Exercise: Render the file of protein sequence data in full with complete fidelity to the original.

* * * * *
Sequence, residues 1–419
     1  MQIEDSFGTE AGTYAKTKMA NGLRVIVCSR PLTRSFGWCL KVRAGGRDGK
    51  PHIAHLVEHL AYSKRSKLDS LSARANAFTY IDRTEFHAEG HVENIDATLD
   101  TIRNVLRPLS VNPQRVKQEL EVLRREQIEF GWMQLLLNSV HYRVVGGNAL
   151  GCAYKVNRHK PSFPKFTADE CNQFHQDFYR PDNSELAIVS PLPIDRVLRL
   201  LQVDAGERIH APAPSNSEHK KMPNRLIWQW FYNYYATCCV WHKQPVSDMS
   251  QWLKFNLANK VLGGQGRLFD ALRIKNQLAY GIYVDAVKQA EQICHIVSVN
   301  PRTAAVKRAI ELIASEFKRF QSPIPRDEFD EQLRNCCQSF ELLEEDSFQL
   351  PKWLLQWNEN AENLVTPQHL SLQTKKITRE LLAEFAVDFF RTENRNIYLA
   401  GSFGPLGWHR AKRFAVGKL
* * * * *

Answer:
Sequence, residues 1–419
     1  MQIEDSFGTE AGTYAKTKMA NGLRVIVCSR PLTRSFGWCL KVRAGGRDGK
    51  PHIAHLVEHL AYSKRSKLDS LSARANAFTY IDRTEFHAEG HVENIDATLD
   101  TIRNVLRPLS VNPQRVKQEL EVLRREQIEF GWMQLLLNSV HYRVVGGNAL
   151  GCAYKVNRHK PSFPKFTADE CNQFHQDFYR PDNSELAIVS PLPIDRVLRL
   201  LQVDAGERIH APAPSNSEHK KMPNRLIWQW FYNYYATCCV WHKQPVSDMS
   251  QWLKFNLANK VLGGQGRLFD ALRIKNQLAY GIYVDAVKQA EQICHIVSVN
   301  PRTAAVKRAI ELIASEFKRF QSPIPRDEFD EQLRNCCQSF ELLEEDSFQL
   351  PKWLLQWNEN AENLVTPQHL SLQTKKITRE LLAEFAVDFF RTENRNIYLA
   401  GSFGPLGWHR AKRFAVGKL